While the University of Colorado Boulder campus is a safe place to live and go to school, we are not immune to identity-based or targeted crime. As a community, we can take proactive measures to identify well-being concerns for ourselves and others. Listed below are programs and resources to support students, staff, faculty, and community members in preventing and recognizing violence.
CU Boulder Alerts
In case of an emergency, be sure you get the message. Explore the CU Boulder Alerts website to understand better the university’s three alert notification levels, how alerts are shared, and ensure you’re signed up to receive alerts from the university and the city and county of Boulder.
Don’t Ignore It
Don’t Ignore It provides information about confidential support resources, options for reporting concerns, and skills for helping as friends and bystanders. Learn more about warning signs for recognizing concerning behavior and how to offer support to others who have experienced a traumatic event or who you might be worried about.
Concerns may also be reported to CUPD.
See below as the University of Colorado Assistant Vice Chancellor for Public Safety, and Chief of Police Doreen Jokerst explains the emergency notification system and other safety tips and instructions.
CU Safety Alerts
Run, Hide, Fight
CU Emergency Alerts, CU Safety Alerts, CU Advisories
Active Harmer Response and Violence Prevention
The CU Boulder Police Department (CUPD) hosts active harmer response classes for faculty, staff, and students. For those wishing to view the training on-demand, a recording of the class is available on the CUPD YouTube channel.The training highlights proactive response techniques developed by experts to increase the probability of survival in an active harmer situation. A virtual course on violence prevention strategies, produced by the Center for the Study and Prevention of Violence, is also available to all CU affiliates.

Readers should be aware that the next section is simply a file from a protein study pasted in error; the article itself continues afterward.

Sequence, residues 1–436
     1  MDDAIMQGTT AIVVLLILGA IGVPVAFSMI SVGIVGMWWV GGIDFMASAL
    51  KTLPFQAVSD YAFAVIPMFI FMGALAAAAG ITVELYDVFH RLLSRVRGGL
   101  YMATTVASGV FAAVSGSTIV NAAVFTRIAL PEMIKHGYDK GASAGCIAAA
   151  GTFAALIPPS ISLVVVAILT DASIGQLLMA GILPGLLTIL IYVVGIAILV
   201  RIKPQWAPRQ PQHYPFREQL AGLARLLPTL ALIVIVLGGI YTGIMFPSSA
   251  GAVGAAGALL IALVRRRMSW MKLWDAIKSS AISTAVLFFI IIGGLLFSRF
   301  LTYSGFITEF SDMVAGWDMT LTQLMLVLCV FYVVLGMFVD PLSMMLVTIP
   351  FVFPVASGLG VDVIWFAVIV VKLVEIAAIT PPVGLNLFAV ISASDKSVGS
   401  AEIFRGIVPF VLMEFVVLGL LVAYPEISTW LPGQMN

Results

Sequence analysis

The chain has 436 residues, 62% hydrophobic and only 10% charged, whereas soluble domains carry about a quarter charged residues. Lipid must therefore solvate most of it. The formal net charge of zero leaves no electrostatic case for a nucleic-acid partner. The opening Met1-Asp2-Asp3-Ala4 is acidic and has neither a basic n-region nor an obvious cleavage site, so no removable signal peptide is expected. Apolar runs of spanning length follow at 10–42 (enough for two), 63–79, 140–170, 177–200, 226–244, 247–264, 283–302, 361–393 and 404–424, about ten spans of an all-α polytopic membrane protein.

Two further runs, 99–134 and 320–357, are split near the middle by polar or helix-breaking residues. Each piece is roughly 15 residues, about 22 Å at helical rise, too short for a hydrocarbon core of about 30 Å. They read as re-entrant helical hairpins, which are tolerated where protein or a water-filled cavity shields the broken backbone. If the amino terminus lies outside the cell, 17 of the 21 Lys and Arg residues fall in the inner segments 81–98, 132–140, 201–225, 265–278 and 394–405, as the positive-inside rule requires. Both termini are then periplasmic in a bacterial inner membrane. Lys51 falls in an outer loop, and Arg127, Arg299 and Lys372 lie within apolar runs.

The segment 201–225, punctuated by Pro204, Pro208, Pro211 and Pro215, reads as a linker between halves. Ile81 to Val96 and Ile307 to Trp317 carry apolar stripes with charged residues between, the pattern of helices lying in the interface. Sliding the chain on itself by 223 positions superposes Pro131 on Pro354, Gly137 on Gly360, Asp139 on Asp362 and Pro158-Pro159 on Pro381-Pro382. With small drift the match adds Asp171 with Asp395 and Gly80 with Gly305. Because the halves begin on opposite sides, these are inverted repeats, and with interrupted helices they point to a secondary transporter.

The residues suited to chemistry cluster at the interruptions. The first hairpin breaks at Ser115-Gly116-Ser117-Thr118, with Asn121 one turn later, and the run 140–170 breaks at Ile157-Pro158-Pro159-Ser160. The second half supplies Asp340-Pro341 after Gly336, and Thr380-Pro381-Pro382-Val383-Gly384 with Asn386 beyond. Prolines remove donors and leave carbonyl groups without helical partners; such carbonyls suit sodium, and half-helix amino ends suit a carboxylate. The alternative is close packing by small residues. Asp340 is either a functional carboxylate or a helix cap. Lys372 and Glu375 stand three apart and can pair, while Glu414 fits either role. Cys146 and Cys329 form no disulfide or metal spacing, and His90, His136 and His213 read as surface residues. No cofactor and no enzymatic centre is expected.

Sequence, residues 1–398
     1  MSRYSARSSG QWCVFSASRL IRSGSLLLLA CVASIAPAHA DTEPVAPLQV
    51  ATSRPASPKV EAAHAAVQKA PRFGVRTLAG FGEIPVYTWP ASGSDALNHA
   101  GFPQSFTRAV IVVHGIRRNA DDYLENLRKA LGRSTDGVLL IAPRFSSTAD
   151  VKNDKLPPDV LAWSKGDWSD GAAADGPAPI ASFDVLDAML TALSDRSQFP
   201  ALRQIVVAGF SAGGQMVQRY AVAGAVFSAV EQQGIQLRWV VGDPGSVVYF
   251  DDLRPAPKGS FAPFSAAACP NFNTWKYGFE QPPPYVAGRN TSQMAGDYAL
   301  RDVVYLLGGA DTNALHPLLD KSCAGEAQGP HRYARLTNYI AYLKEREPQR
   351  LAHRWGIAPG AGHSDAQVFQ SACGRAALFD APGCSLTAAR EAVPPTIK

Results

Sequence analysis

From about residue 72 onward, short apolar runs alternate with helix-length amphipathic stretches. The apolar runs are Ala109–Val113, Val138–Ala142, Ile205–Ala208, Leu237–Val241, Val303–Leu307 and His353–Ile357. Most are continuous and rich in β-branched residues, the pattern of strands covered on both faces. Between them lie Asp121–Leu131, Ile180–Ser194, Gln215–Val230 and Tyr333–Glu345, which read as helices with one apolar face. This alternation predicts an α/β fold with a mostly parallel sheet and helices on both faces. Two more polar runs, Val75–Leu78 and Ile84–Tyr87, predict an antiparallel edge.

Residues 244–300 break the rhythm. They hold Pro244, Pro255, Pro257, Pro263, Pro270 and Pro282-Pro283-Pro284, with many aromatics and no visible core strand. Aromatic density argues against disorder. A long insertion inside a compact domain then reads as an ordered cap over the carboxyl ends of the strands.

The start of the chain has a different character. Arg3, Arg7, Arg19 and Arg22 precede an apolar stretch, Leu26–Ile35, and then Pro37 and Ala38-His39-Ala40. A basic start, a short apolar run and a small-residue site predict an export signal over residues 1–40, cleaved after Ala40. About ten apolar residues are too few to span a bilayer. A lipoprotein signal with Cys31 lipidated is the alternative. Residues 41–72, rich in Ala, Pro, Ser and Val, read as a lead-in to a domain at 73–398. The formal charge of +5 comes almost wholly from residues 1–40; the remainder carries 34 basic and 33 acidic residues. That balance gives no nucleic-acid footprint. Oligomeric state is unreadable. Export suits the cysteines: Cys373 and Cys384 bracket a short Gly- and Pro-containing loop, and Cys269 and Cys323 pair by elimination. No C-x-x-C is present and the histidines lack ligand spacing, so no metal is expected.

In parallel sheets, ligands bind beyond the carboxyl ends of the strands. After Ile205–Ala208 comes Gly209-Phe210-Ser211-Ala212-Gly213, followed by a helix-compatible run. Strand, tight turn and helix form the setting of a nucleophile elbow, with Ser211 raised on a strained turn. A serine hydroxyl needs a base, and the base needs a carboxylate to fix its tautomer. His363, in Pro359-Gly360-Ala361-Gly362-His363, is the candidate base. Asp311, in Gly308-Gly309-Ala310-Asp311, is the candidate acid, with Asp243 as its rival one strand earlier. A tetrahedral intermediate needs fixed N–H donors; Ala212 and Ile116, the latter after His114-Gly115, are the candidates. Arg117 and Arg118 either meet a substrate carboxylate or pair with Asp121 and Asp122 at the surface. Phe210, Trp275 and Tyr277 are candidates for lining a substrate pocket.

Confidential Support Centers and Resources
There are many resources available to support you in the wake of crisis. You are not alone.
The University of Colorado Boulder works closely with the community to come together and foster an education free of violence and harm.
- CU Boulder’s Student Support and Case Management office connects students with assistance, such as mental health resources, support resources, and intervention for students. If the concern involves an employee, the Behavioral Intervention Team will be made aware.
- The Office of Institutional Equity and Compliance is where responsible employees, as mandatory reporters, are required to report information about protected-class discrimination, harassment and sexual misconduct.
- The Office of Victim Assistance offers confidential support, including free trauma-specific counseling services as well as victim advocacy (helping people know their options and get assistance navigating systems), to CU Boulder students, staff and faculty who have experienced traumatic events, including but not limited to crime, abuse, violence, harassment, stalking, discrimination and more.
- Counseling and Psychiatric Services offers confidential, on-campus mental health and psychiatric services for a variety of concerns such as academics, anxiety, body image, depression, relationships, substance use and more. This office serves CU Boulder students.
- The Faculty and Staff Assistance Program offers confidential counseling to serve the emotional and psychological needs of CU Boulder employees. All FSAP staff are trained as generalist counselors and are equipped to deal with a wide range of mental health, personal and work-related issues. You must be a CU Boulder employee to use FSAP services.